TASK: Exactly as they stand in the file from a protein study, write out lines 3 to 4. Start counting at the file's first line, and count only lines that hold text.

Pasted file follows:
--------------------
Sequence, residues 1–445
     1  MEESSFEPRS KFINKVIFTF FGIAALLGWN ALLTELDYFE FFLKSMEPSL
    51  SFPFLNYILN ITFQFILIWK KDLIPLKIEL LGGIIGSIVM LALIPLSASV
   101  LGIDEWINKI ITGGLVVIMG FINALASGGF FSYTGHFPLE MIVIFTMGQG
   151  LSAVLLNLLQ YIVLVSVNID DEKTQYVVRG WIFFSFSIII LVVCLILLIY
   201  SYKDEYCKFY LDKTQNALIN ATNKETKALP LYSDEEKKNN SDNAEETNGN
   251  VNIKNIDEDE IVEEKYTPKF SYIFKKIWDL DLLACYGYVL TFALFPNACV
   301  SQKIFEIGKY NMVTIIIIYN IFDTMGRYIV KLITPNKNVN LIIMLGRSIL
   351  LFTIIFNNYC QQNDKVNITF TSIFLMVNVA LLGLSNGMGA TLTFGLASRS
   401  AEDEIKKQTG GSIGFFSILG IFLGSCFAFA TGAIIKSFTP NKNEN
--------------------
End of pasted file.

    51  SFPFLNYILN ITFQFILIWK KDLIPLKIEL LGGIIGSIVM LALIPLSASV
   101  LGIDEWINKI ITGGLVVIMG FINALASGGF FSYTGHFPLE MIVIFTMGQG